This is not always the case with smaller lenders. When you are dealing with a local bank or credit union, they may pay your creditor directly. This way there is no question where the money is going. They will use your most recent balance statement and mail a bank check to the address on your statement via certified mail.

What are the benefits of debt consolidation?

One of the greatest benefits is the loan is structured, which means it has a specified end date. On average, when you pay the minimum balance to credit cards, it would take several years to pay off the full debt. But with consolidation loans, you structure the debt to pay within a specified time, like car loans. So, you don’t have to feel stressed, like you will never escape this debt. Don’t worry, there is a light at the end of this tunnel.

When you have various kinds of debt, you make multiple payments each month; one to your car loan, one to your student loan, and maybe more than one to credit cards. In most cases, these bills are due on different dates. When your debt is consolidated, you have a single payment to a single lender. That’s one payment, versus five.

Ideally, when you consolidate your loans, it’s to make the monthly payments easier. So, the monthly consolidation payment should be lower than the total amount of individual loans you had before. If you’re paying more each month for the consolidation loan, it’s not really making it easier. If the lender is telling you that the consolidation is a promising idea, even though your monthly payment is higher, find a different bank.

When you consolidate your loans, the total interest is typically lower than your current payments. If you’re offered a consolidation loan with 18%, that’s still better than paying credit cards with 20% or more interest across multiple loan. If the interest rate is lower, that means you will save money by paying less on interest.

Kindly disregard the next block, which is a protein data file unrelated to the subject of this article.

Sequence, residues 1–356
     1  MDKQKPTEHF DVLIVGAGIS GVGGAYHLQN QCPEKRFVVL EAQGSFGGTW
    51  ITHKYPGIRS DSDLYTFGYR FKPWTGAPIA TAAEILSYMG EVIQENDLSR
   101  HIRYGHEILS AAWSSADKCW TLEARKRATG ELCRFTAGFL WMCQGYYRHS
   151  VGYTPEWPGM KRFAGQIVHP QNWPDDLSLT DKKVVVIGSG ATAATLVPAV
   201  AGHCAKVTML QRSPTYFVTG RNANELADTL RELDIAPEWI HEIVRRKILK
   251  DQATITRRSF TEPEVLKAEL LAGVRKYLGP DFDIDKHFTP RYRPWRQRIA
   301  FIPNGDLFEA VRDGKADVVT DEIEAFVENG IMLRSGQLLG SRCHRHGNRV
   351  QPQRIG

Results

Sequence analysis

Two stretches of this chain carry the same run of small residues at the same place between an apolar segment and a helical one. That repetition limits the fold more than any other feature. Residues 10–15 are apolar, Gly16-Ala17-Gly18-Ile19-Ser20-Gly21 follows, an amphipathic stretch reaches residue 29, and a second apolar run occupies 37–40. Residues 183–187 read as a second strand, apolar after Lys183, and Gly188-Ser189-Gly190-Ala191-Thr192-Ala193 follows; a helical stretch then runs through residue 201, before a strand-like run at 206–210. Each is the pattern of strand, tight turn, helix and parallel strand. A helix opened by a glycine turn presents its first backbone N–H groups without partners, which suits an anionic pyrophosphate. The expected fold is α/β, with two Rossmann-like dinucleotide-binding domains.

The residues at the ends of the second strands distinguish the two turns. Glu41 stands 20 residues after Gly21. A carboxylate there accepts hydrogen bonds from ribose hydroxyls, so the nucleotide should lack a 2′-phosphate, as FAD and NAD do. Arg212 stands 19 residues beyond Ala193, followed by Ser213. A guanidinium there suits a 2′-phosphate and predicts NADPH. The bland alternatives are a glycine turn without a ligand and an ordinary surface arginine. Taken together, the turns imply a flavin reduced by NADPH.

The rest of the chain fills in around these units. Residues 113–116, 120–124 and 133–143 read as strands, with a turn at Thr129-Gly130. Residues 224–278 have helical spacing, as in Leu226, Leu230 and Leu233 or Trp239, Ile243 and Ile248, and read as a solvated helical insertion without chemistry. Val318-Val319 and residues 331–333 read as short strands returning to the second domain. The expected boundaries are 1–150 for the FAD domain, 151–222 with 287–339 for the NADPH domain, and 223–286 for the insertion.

What debt am I allowed to consolidate?

When it comes to deciding which debts to pay, any legal debt can fall under the debt consolidation. Whether it’s a student loan, medical debt, or your sister’s credit card. At the end of the day, the bank will be the one to accept the risk. If you want to include a specific debt, you’ll need the paperwork that shows the debt is from a legitimate lender, even if the debt wasn’t yours to begin with.

Yes. You can technically pay someone else’s debt with your own debt consolidation loan. Most experts don’t advise this because you are taking on someone else’s burden. But it’s technically allowable.

What debts am I not allowed to consolidate?

Typically, banks or credit unions will not consolidate loans if they don’t know whether the debt is real. So, if you don’t have a balance statement, or any official documents saying this is a real debt, the bank or credit union won’t want to include it in the consolidation loan. If the debt is small enough (less than 5% of the whole loan), they might make an exception and give you the money so you can pay. But it may take some smooth talking and an empathetic bank rep.

Debt Consolidation isn’t for everyone. It’s not even right for every situation. Sometimes, the best decision is to pay the loans to a lower balance and then ask for a consolidation. You don’t want to be stuck with a higher monthly payment than before.